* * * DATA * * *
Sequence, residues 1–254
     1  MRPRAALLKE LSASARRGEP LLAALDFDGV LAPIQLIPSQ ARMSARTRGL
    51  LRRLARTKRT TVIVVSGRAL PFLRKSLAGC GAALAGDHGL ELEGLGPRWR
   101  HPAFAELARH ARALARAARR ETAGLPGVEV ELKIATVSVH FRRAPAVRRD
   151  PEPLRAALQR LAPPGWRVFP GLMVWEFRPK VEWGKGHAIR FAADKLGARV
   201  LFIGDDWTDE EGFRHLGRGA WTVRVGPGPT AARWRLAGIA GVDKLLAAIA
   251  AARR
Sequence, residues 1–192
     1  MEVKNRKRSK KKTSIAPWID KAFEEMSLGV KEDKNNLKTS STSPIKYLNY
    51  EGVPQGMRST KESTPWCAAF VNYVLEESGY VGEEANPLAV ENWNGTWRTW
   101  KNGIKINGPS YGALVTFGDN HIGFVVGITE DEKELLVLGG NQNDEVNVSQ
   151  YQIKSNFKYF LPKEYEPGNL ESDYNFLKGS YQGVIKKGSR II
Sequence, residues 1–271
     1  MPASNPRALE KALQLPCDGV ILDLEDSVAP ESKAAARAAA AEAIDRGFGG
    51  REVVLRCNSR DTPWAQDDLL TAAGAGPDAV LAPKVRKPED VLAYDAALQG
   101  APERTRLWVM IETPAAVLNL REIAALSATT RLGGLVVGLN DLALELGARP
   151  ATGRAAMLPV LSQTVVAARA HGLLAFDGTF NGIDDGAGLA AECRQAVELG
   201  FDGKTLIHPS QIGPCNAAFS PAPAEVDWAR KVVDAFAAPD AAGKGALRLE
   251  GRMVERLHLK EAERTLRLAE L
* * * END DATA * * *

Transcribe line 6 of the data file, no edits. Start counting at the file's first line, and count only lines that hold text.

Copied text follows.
   201  LFIGDDWTDE EGFRHLGRGA WTVRVGPGPT AARWRLAGIA GVDKLLAAIA